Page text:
Sunday, September 10, 2006


Last night I saw Maggie Gyllenhaal in "Sherrybaby," and then I saw Maggie Gyllenhaal at "Sherrybaby." I went to a showing where she did a Q&A after the film. I had planned on going to earlier, but when I checked the times in the Times and saw that she'd be at the 7:30, I immediately went and bought tickets.

I got there early, at what I thought was way too early, so wandered over to sit in a park for a bit, watching some neighborhood basketball, and when I got back found myself at the end of a really long line. (It was inside the building, so not visible when I'd walked by.) As it turned out, the front row was the best to satisfy my claustrophobic tendencies (a theater with no middle aisle, when sold out, means you are either in a good center-viewing seat but trapped by bodies on all sides, or languishing on the aisle with limited view of the screen) and I got a seat right in the center of row one. Which later meant just inches in front of Ms. Gyllenhaal. So close I could examine her pedicure and watch the wide arcs with which she rubbed her very pregnant belly. (No, I'm not a stalker, although it's slightly possible the young guy sitting next to me was. He told me where she lived, moved from side to side of me several times, trying to anticipate the exact placement of the stool she would perch on, and followed her to the exit door to try to get her to pose with him for a photo, a request she denied with a smile.)

The film was really fantastic, and as it really is a pure performance piece, it was incredible to have her sit in front of us and discuss her feelings about making it. Someone suggested she deserved an Oscar nomination for it, although I've heard that also about her role in "World Trade Center" (which could be the only reason I could see it - no, I still won't. As has been said many times more eloquently than I can, a film like that seems made for people who weren't here, but want to connect to the tragedy, while those of us who were don't need it. And, of course, I hate heavily sentimental films.)

So what did she say of interest? She didn't rehearse for this movie, but she hates rehearsing as a rule. Sherry, her character in this film, has just been released from 3 years in prison, and is reconnecting with family that never visited her or saw her, so she felt that there should be some discomfort in their scenes. (I'm paraphrasing; no journalistic note-taking.) She felt that the young girl who played her daughter (age six, although I would have thought more like 4) came across too actress-y at first, and she struggled with the director, who had opposing ideas of how to coach a more natural performance out of her. How did Gyllenhaal feel about the sex scenes? She said she feels much more uncomfortable watching them after than she did filming them. While filming them, she was concentrating on how Sherry was enjoying herself, even as the sex was raw and uncomfortable and destructive. She hadn't had a man in three years, she was out and free, and she wanted pleasure, even if to the rest of us it looks anything but pleasurable. She also said that sex is a way of communicating fully with another person, so sex scenes provide opportunities for a different kind of acting.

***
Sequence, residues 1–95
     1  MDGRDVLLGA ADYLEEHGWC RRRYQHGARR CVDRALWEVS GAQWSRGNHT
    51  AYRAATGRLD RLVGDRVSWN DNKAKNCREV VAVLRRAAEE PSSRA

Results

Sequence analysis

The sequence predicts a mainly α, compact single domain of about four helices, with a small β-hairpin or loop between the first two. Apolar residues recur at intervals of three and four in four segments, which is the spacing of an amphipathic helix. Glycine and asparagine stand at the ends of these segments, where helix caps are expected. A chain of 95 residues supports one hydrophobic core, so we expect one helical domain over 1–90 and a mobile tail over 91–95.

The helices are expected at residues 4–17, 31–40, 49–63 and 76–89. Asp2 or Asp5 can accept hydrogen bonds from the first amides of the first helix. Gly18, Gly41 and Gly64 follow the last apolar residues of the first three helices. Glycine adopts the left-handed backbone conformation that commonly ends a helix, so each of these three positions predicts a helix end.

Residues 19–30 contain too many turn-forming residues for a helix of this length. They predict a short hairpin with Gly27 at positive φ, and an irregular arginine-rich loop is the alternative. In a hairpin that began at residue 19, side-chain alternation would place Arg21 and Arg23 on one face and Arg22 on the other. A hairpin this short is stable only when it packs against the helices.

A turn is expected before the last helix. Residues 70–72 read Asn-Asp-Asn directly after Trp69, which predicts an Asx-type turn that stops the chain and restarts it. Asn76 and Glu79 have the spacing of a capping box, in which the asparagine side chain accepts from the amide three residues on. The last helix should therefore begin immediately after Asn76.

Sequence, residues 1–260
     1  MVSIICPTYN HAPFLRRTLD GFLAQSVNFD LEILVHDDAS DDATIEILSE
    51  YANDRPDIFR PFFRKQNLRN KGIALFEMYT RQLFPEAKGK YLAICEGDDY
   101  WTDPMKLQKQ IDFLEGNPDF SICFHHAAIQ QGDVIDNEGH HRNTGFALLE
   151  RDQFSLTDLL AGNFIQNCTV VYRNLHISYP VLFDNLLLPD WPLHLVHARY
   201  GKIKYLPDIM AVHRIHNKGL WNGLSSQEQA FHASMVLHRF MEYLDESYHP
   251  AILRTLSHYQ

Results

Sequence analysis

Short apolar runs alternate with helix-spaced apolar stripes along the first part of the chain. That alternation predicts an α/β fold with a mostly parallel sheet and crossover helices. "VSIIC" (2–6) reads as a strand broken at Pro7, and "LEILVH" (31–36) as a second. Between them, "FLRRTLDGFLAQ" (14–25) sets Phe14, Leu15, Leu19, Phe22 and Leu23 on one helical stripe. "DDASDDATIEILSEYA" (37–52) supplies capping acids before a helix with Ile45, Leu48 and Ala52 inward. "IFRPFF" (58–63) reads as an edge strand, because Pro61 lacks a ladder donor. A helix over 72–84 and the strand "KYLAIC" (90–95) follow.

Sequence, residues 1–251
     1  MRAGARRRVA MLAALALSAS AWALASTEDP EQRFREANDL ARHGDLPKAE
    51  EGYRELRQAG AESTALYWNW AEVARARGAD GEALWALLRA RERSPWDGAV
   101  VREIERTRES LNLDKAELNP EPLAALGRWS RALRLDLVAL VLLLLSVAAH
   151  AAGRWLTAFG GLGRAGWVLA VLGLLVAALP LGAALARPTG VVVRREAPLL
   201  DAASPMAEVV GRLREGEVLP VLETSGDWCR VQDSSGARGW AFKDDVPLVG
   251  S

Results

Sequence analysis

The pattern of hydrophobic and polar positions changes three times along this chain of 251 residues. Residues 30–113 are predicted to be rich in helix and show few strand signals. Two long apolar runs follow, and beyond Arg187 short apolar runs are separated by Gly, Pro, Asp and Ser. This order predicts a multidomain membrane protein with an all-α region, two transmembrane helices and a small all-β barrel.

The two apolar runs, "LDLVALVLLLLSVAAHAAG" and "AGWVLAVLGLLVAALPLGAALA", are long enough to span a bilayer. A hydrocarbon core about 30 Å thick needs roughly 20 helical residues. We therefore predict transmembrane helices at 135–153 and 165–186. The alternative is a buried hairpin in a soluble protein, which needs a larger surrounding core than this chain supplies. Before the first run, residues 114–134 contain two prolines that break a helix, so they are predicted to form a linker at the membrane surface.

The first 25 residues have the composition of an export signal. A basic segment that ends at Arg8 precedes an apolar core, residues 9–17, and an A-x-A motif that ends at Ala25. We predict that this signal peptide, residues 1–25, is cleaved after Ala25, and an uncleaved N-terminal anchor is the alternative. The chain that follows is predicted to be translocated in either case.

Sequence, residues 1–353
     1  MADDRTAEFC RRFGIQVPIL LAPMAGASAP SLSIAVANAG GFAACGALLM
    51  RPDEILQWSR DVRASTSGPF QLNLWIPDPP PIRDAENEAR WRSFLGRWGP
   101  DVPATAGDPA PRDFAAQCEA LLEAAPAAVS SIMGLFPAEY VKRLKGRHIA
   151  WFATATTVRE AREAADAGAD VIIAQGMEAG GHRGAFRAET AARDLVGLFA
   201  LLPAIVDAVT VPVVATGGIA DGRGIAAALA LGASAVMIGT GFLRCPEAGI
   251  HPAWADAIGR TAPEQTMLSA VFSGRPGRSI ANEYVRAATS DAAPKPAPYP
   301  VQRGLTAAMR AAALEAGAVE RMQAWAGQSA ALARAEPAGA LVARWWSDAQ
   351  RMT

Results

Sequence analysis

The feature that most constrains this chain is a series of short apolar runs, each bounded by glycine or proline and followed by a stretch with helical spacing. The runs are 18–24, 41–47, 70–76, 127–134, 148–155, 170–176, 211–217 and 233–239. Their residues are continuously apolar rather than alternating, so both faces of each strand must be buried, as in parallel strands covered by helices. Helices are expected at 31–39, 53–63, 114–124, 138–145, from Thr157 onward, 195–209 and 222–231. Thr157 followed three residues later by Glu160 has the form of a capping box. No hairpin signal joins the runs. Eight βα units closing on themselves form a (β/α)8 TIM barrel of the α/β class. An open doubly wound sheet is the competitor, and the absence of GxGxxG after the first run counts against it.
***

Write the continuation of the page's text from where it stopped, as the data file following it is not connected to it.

About choosing roles, she said she chooses those she feels drawn to. When asked who else she'd like to work with, she said Pedro Almodovar, and, after seeing "Half Nelson," Ryan Gosling.

It's funny, because when I think about it, "Sherrybaby" is both a companion piece and the polar opposite of "Half Nelson." They both are intimate portraits of addicts trying to cope in the world, both with controlled, quiet performances. Both characters connect, or try to connect, with children, and falter in the world of adult relationships. Yet Gosling's character has found a way to function while feeding his addiction, and Gyllenhaal's has repeatedly failed at managing hers.

I'm sorry these pictures aren't any better. I am having a bear of a time uploading into Blogger. I think I've bitched about this before, how I always have this problem at home (where my photos, for the most part, are, and where I have the time to post) but rarely at work. So maybe it's a firewall setting or something. But I uploaded three different stills about a dozen times each, and each time the process finishes, says its "Done," but nothing appears in the post. I tried to do it manually, writing my own html code based on what I see in successful uploads, but I'm not very good at it.

My point was to show how similarly the films have been marketed, with stills of the main characters quietly alone on a city street, facing the camera, defiant and yet struggling.

Go see both films if you can.


Post a Comment

<< Home

ring logo
Writing Desk Webring

Join | List | Random
Previous | Next
Powered by RingSurf
Locations of visitors to this page